Time being what it is, U.S. Supreme Court Justice Anthony Kennedy, almost 81, will retire one day. We hope it’s not any day soon.
Certainly, the Ronald Reagan appointee who joined the court in 1988 has devoted plenty of years to our nation. But as the high court ended its 2017 session Monday, three decisions in particular illustrated the importance of Kennedy’s voice on the court, each relevant to California.
Kennedy, the one Californian on the high court, sided with the majority in each case. President Donald Trump’s one appointee, Neil M. Gorsuch, a former Kennedy law clerk, was aligned with the conservative members, in the minority. For now.
In a 6-3 decision, Kennedy joined the majority blocking aspects of President Donald Trump’s ill-conceived travel ban on refugees from six majority Muslim nations, putting off until 2018 a full review with, we hope, Kennedy still part of the court.
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Monday’s decision permits people to emigrate here from Iran, Libya, Somalia, Sudan, Syria and Yemen if they have “a credible claim of a bona fide relationship with a person or entity in the United States.” That stand upholds this nation’s principle of welcoming refugees, while deferring to a president’s power.
Kennedy also was part of the majority that refused to consider a challenge to California’s right to regulate gun owners who want to carry their weapons in public. In Peruta v. California, advocates led by the California Rifle and Pistol Association Foundation contended San Diego and Yolo county sheriffs made it too hard to obtain permits to carry concealed firearms.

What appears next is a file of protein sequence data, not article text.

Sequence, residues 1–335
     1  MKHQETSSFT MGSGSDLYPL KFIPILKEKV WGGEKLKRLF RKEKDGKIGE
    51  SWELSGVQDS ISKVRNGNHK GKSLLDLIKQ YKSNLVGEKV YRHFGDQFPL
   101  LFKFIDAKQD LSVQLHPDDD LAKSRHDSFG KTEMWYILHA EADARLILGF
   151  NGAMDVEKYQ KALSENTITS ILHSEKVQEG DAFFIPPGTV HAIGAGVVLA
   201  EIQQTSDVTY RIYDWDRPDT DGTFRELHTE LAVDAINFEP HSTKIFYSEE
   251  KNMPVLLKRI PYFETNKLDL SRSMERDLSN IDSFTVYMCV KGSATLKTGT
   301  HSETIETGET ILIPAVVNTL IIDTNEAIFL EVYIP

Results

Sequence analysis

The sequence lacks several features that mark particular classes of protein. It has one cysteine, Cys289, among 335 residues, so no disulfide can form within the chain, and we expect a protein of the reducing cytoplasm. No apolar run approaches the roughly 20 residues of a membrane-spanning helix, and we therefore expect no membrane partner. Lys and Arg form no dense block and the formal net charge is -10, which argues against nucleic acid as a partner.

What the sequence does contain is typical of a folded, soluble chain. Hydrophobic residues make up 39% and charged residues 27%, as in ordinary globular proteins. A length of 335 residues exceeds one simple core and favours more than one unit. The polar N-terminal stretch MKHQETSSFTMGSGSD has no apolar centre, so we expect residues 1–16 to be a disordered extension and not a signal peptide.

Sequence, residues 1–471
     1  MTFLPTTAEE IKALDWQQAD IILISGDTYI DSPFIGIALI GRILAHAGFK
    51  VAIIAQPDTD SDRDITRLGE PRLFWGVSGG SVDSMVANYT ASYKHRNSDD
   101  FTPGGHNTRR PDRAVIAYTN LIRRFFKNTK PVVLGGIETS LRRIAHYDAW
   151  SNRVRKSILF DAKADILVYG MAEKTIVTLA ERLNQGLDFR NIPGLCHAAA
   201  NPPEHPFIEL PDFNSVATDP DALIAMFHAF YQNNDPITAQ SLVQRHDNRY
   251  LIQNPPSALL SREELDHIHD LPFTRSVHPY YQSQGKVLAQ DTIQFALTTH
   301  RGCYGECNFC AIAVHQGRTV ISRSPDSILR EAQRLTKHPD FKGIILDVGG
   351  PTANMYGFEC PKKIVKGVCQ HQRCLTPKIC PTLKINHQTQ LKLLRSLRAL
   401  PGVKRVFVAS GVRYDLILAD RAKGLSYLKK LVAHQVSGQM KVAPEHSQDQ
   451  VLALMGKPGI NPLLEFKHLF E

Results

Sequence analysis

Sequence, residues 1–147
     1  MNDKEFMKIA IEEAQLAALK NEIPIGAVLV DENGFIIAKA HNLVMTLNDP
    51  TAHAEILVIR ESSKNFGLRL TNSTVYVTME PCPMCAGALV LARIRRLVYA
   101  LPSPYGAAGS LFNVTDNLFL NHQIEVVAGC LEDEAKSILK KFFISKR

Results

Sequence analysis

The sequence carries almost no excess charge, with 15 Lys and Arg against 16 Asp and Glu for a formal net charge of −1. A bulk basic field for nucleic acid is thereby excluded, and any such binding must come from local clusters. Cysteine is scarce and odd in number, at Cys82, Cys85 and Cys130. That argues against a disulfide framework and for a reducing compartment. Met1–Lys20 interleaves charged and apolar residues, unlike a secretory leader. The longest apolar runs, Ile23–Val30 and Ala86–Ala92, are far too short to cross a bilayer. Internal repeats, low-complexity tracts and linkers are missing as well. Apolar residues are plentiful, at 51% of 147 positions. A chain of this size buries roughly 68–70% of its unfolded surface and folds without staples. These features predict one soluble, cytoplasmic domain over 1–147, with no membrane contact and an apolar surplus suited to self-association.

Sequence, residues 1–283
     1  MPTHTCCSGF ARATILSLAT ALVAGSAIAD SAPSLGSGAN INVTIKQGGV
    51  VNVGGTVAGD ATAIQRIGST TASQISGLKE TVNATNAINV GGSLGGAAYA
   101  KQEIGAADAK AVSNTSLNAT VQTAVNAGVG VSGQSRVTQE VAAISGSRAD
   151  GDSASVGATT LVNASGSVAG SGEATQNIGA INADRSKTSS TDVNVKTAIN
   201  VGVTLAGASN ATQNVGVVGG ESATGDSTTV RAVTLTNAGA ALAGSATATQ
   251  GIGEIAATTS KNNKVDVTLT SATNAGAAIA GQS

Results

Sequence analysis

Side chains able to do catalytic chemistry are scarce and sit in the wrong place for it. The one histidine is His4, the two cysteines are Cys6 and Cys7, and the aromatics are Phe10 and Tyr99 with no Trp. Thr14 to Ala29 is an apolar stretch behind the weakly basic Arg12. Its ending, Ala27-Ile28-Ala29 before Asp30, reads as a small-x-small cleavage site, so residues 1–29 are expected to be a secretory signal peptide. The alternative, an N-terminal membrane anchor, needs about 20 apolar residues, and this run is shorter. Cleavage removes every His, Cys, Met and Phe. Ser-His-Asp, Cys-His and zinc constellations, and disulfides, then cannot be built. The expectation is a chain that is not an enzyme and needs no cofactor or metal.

The U.S. 9th Circuit Court of Appeals noted that the high court had not decided whether firearms could be openly carried, but wisely held that the Second Amendment does “not extend to the carrying of concealed firearms.”
Justice Clarence Thomas, joined by Gorsuch, dissented, writing that the majority’s refusal to consider the case suggested the Second Amendment is a “disfavored right.” That’s hardly the case. Any adult who abides by the law and has not been judged to be mentally ill can own firearms. But lethal weapons in public is something the government ought to be able to regulate.
In a third case, the justices voted 6-3 to overturn an Arkansas law that treated same-sex couples differently than opposite-sex couples on their children’s birth certificates, automatically listing a birth mother’s husband as a child’s father, but requiring gay couples to get a court order.
The justices cited the 2015 case written by Kennedy upholding the right of same-sex couples to marry, noting the state court’s support of the law “denied married same-sex couples access to the ‘constellation of benefits’ ” linked to marriage.
Gorsuch dissented, calling the decision “overbroad,” and justifying the Arkansas law as merely “designed to ensure that the biological parents of a child are listed on the child’s birth certificate.”
Rumors of Kennedy’s retirement spread in recent weeks. No one could blame him if he were to decide to spend more of his remaining time with his family, perhaps even return to his hometown of Sacramento and teach at McGeorge Law School. And we haven’t always agreed with his decisions.
But there are important reasons for him to remain. As Erwin Chemerinsky, incoming dean of UC Berkeley’s law school, wrote in an op-ed for The Sacramento Bee, he’s a true swing vote. Major cases involving religion, gerrymandering and more are on the 2018 docket.
We have no clue how Kennedy would rule, to his credit. But based on Gorsuch’s early votes, a second Trump justice would shift the court to the hard right, for years to come.